Pair Programming

Successful pair programming -- two partners sitting side-by-side and working on a single screen -- requires practice, patience and commitment.

The advantages of pair programming include:

  1. You learn faster when a partner is helping you avoid small, time-consuming errors.
    • Two sets of eyes are more likely to notice errors than one set.

  2. You learn better when a partner is helping you understand and you are challenging your partner to master the material.
Pair programming is a real-life technique, part of the disciplined methods called Extreme Programming.

However, problems can arise unless both partners (let's call them Sally and Wanda) are committed to pair programming. These problems include:

  1. Sally dominates the project and does not let Wanda do half the work.

  2. Sally decides that Wandy cannot write code and so assigns everything else beside the code to Wanda and completes the code-writing by herself.

  3. Sally is passive and plays a "keep the other person company" role until the project is finished.

  4. Sally misses class without alerting Wanda or the professor.

  5. Sally is unavailable outside of class.

  6. Sally believes that Wanda's performance will hurt Sally's grade.

We are committed to pair programming in this course. Your grade will be affected negatively if you are unable to make your partnerships effective.

At all times during pair programming:

  1. Both partners should sit behind a single computer. Put your other computer away.
    • Exception: Some partnerships find that they can use the second computer effectively for reading these instructions and responding to the questions therein.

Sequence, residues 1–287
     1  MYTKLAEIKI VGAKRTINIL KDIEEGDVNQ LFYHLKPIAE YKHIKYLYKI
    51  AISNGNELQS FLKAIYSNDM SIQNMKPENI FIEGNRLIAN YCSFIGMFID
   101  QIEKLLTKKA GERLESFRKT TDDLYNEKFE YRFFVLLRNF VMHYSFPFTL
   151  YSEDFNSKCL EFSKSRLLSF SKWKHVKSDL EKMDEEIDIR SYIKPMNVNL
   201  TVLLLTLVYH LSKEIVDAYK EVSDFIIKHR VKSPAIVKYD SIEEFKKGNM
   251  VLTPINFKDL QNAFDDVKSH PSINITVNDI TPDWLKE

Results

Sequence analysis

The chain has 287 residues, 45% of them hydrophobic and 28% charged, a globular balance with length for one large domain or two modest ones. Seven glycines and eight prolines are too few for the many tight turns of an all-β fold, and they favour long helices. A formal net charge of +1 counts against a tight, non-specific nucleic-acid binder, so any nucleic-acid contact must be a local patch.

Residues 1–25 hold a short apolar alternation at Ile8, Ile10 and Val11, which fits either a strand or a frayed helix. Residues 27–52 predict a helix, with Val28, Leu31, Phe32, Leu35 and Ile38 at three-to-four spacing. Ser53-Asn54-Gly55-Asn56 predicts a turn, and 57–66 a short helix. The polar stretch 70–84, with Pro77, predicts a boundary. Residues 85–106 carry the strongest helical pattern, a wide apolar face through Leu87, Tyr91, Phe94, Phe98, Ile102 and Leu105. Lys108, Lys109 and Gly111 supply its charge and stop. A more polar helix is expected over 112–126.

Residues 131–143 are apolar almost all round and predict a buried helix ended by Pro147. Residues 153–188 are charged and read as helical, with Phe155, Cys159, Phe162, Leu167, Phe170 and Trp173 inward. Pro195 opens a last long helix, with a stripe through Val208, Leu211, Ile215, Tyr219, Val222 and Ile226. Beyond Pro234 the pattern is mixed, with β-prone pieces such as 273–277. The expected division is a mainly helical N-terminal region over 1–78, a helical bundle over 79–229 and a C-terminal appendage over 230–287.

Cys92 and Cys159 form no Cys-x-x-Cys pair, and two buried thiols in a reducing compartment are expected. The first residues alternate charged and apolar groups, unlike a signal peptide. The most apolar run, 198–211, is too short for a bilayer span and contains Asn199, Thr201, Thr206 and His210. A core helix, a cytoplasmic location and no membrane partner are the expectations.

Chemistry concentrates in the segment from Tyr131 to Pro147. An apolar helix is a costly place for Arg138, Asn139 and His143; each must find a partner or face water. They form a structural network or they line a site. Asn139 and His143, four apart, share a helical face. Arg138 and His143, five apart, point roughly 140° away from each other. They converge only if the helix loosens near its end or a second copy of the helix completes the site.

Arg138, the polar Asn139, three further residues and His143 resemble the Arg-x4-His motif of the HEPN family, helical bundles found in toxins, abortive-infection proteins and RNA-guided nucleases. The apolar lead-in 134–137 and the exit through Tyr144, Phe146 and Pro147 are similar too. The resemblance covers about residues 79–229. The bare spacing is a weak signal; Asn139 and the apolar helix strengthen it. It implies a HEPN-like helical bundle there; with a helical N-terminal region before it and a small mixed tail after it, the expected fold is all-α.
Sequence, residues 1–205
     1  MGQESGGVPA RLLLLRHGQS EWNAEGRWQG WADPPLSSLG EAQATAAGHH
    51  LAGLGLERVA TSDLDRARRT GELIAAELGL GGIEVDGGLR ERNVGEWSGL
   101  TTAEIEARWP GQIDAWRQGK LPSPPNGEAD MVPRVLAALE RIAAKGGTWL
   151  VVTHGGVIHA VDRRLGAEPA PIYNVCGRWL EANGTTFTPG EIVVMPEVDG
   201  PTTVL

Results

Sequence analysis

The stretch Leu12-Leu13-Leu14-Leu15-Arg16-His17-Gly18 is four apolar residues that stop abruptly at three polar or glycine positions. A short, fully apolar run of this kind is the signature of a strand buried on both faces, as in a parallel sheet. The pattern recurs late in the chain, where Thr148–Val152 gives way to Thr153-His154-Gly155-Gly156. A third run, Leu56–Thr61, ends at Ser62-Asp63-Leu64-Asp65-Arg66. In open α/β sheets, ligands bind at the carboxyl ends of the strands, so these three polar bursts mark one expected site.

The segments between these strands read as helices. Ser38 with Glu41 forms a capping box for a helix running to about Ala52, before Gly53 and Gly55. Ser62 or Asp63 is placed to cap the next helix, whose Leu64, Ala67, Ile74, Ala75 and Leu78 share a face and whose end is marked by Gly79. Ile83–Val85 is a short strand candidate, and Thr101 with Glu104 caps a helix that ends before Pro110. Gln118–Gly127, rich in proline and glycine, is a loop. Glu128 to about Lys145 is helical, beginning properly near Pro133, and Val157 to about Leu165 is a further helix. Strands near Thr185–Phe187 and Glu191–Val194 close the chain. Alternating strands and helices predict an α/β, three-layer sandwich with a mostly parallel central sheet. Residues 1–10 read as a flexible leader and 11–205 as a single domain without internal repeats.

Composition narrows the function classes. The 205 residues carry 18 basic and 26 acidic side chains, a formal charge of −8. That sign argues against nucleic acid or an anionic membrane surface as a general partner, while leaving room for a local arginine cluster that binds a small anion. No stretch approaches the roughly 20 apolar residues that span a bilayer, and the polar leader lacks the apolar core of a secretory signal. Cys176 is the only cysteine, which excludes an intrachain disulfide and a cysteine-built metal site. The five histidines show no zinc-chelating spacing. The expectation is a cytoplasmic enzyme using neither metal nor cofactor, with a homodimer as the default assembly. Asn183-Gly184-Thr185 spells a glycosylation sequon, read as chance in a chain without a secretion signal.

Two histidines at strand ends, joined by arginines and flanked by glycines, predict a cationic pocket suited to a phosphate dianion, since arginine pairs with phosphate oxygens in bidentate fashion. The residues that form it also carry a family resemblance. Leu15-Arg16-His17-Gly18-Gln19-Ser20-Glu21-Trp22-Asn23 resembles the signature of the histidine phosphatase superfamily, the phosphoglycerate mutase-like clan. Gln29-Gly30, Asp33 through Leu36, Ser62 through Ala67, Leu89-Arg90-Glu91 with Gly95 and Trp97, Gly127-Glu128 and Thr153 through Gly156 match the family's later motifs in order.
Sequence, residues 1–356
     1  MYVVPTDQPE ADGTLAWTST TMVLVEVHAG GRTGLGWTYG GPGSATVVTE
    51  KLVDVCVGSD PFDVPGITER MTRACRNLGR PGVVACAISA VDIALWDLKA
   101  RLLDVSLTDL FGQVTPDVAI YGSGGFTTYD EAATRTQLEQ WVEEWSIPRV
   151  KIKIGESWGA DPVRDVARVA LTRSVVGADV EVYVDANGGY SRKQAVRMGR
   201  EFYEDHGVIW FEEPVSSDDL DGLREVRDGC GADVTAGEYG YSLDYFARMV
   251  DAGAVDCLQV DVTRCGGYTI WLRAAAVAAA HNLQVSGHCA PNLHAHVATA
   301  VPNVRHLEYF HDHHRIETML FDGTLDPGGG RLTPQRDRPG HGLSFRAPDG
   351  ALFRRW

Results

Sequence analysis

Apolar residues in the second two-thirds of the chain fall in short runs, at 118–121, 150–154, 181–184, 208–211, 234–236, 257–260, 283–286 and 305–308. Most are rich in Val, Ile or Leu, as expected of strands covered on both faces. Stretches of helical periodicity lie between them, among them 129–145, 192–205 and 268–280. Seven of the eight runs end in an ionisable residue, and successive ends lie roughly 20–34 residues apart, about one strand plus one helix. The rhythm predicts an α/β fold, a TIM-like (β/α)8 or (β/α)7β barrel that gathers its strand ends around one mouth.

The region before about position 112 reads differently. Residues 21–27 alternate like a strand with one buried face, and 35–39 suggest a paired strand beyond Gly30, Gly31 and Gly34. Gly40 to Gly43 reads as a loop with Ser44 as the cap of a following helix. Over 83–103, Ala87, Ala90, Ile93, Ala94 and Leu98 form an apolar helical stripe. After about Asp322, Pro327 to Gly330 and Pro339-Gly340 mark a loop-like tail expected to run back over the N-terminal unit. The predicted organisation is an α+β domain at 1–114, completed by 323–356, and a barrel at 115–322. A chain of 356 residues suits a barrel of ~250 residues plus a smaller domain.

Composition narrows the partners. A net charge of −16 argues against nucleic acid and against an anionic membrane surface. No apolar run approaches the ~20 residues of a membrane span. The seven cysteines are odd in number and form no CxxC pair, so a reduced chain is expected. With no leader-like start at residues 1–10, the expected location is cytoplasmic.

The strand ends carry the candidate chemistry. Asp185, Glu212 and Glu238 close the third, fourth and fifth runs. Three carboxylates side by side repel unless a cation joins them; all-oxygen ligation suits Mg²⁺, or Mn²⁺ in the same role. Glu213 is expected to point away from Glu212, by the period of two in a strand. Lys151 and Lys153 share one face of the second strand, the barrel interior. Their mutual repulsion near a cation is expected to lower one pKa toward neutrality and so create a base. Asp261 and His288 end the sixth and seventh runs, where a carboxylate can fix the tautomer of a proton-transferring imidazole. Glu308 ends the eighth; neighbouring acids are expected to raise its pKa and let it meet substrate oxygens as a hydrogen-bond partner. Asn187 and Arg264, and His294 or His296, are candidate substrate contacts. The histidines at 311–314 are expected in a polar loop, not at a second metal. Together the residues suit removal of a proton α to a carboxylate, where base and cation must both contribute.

• But at any given time, both partners must be looking at the same computer screen.

  2. Share the typing duties.
    • Intially this will mean alternating at specified points in the project.
    • Later it should mean that whoever wants to type at a given time should, but with the overall time spent typing shared equally between partners.

  3. Both partners think! Both partners solve the problem!
    • When you are not typing, think about what your partner should be typing (and watch that your partner is not making an error).

  4. Do not complete any work unless both partners understand it completely. In particular:
    • If one partner does not understand the code that the other partner is typing, stop at that point and discuss the code until both partners understand it.
    • If both partners are confused about the work that they are doing, ask an assistant for help.
    • If the partners disagree about a portion of the project, ask an assistant for help.

  5. It is:
    • good to show your partner some things that you understand and that your partner does not.
    • not good to spend the entire session teaching your partner things that your partner should already know.

  6. It is generally best to work with a partner whose comfort-level and skills relevant to the project are similar to your own, so that the pace of problem solving is consistent.

Additionally, when you are to work on a project outside of class:

  1. When you are in class:
    • Identify times when you can meet face to face.
    • Schedule a specific time and place to work outside of class.
    • Identify ways to get in touch with the other easily (email, instant messenger, phone, etc).

  2. Do not waste your partner's time.
    • Show up on time for scheduled meetings.
    • Stay focused on the task during the meeting.

  3. Do not work on the project without your partner.
    • Pair programming is not team programming.